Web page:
Wednesday, January 6, 2010


Being something of a world-building aficionado, I love a good glossary/encyclopedia at the end of a fine novel. Good supplementary material of this sort shouldn't be strictly necessary for the understanding/ enjoyment of the work, but it ought to enhance what's already there, and if there are sequels (and with fantasy fiction there usually are), tantalizingly hint at mysteries to come.

Tolkien, world-building master though he is, doesn't provide the best of these to my tastes. Mainly, this is because he was doing something different in his appendices.  He offered up several essays to expand or explicate his background, not give a ready reference or lay the foundation for sequels. No, interesting though Tolkien's Lord of the Rings appendices may be, I don't find myself revisiting them. They're just too weighty.

The the best, in my mind, is the "Terminology of the Imperium" in Frank Herbert's Dune. Not only does it support the text for readers of poor memory or with "exotic" word difficulty, but it expands upon the text in ways that feel like bonus value. There's nothing really there that you need to "get" Dune, but it certainly increases the feeling of depth in Herbert's world. Herbert also gives us some short Tolkien-esque essays as well, which are really good, but the "Terminology" is where it's at.

I've on occasion tried to use a similar device/technique in gaming. I know some might be critical of this. Their response will be something along the lines of "if the players need a glossary for your game then it's too complicated!" but I think that's a simplistic view. The exoticness of the names in Barker's Empire of the Petal Throne might be an impediment to some players (after all, a lot of people have a hard time remembering everyday English names), but does that mean they should be barred from playing in worlds with more challenging linguistic backgrounds?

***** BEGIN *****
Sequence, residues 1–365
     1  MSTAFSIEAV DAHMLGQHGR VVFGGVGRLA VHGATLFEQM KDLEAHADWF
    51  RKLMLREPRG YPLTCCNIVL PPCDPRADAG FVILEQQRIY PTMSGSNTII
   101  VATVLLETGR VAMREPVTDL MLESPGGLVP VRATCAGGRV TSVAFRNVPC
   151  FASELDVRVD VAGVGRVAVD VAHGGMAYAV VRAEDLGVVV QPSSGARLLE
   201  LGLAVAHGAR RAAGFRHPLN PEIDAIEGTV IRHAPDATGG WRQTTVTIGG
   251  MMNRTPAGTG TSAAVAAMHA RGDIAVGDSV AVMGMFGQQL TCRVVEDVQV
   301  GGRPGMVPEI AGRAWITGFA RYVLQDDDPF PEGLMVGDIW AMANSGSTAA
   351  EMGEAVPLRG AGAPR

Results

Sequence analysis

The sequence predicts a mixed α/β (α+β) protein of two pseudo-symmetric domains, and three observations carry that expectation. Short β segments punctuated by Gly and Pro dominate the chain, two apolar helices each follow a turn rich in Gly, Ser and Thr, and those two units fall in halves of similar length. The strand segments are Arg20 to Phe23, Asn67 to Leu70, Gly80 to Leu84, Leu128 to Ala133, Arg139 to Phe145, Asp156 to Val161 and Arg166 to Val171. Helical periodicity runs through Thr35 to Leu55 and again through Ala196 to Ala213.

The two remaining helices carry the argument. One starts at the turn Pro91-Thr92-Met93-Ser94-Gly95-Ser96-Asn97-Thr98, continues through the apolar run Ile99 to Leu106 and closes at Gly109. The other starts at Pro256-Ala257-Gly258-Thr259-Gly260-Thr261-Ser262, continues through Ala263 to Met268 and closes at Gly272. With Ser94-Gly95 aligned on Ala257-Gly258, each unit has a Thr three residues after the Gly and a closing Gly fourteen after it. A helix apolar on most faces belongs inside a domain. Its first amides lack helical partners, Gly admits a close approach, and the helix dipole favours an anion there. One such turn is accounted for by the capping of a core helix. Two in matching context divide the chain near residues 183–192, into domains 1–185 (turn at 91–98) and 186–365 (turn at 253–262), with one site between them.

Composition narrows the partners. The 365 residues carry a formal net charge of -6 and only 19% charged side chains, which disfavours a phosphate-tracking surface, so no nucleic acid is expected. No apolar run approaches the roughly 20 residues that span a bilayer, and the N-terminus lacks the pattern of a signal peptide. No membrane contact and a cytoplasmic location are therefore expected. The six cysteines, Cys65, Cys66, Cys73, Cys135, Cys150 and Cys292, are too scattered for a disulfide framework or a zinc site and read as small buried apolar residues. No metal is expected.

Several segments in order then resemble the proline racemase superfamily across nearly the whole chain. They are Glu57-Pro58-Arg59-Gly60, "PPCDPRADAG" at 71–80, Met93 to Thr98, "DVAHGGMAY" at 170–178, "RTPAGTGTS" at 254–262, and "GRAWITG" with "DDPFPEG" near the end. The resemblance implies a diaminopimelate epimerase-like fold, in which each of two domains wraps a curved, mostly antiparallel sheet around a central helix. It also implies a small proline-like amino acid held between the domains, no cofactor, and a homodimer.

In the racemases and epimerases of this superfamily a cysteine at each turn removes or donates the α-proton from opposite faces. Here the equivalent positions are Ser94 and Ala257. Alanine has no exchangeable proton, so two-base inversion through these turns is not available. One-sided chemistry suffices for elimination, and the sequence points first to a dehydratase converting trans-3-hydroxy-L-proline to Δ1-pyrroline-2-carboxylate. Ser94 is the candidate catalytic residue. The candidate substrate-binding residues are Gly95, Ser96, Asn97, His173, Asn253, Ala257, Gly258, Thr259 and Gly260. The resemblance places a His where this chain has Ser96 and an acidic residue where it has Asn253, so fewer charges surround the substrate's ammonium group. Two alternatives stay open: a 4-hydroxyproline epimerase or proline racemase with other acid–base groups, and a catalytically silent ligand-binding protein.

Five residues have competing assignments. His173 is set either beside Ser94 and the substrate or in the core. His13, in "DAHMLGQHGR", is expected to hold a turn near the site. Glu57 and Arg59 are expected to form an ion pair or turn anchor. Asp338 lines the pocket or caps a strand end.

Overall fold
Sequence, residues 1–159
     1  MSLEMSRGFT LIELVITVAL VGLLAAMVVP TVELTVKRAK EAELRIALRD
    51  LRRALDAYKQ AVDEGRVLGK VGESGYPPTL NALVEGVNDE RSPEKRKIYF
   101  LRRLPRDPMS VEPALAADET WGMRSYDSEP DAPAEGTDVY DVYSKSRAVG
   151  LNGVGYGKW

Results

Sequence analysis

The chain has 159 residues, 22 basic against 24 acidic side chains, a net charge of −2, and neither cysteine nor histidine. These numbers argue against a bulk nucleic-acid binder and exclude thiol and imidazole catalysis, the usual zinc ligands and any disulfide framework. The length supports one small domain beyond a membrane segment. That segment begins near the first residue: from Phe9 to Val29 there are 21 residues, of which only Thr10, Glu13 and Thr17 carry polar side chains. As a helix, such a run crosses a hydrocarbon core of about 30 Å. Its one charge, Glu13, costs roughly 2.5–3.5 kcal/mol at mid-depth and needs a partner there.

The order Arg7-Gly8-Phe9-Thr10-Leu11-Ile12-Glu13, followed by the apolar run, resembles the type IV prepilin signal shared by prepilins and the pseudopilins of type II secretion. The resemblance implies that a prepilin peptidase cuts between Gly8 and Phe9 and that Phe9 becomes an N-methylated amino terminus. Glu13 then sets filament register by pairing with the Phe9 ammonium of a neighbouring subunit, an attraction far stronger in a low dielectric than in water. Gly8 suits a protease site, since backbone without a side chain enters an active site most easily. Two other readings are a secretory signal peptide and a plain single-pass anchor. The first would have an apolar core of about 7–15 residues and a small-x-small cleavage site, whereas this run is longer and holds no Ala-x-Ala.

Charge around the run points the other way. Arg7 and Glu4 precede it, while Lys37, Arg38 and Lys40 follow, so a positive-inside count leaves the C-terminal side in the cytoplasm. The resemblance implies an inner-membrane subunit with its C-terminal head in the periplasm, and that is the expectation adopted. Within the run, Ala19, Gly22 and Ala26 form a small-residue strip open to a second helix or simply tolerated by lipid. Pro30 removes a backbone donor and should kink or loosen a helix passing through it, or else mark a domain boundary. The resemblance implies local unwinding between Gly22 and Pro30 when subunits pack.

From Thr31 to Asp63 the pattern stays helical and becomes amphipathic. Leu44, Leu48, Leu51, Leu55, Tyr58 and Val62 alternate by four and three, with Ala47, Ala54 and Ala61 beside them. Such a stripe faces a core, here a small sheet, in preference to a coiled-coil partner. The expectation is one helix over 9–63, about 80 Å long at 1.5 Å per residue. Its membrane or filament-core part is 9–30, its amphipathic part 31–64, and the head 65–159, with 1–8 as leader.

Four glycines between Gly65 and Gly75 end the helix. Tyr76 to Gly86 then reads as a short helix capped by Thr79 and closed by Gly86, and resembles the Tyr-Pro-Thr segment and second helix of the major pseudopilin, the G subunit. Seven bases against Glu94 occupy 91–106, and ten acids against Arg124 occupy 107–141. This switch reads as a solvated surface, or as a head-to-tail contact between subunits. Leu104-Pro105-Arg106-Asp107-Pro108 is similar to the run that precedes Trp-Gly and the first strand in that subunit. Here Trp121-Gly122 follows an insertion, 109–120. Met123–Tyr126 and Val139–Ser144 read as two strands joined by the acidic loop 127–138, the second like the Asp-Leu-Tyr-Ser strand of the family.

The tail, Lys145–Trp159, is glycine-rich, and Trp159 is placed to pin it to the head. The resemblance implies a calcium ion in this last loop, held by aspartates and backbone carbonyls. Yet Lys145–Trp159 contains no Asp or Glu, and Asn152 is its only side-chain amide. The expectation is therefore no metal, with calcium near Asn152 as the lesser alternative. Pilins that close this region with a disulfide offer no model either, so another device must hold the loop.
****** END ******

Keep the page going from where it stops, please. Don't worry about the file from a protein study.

Surely the litmus test should be: is the supplementary material enhancing the enjoyment of the players, or is it serving the ego of the world's creator?

Now, there's no reason it can't do both, but the former, I believe, is the essential ingredient.

Anyway, I first tried something like this back in the days of  second edition of AD&D. Our campaign was suitably in then-current fashion of "EPIC!" and had a large cast and a continental sweep. Tad William's lists of people, places, and things (broken up by culture) from his Memory, Sorrow, and Thorn trilogy was the model followed. The player's at the time liked this, and I was pleased with how they utilized it in play, but my tastes have changed, and I now find this style of campaign suboptimal.

I did use a similar approach in a GURPS fantasy game several years ago. It was less well received this time--or at least it was utilized less in session. Maybe it was the player group, or maybe feeling they were a part of a "meaningful" storyline made the player's in the AD&D game more interested in savoring detail. Who knows?

In preparing my current game, I did sort of a "pitch" document for the players so we could get on the same wavelength. A portion of that was a short "encyclopedic glossary" as sort of flavor text. This time around, I didn't intend (or expect) player's to use it at gaming sessions.  I just wanted to help them get what I was going for. Largely, I feel its been successful in that regard, though maybe one of my player's may jump in here and say otherwise...

Next time, I'll post the text I gave the players--both to further my ongoing digressions on the campaign, and as one example of how I think a glossary can be used to enhance play.

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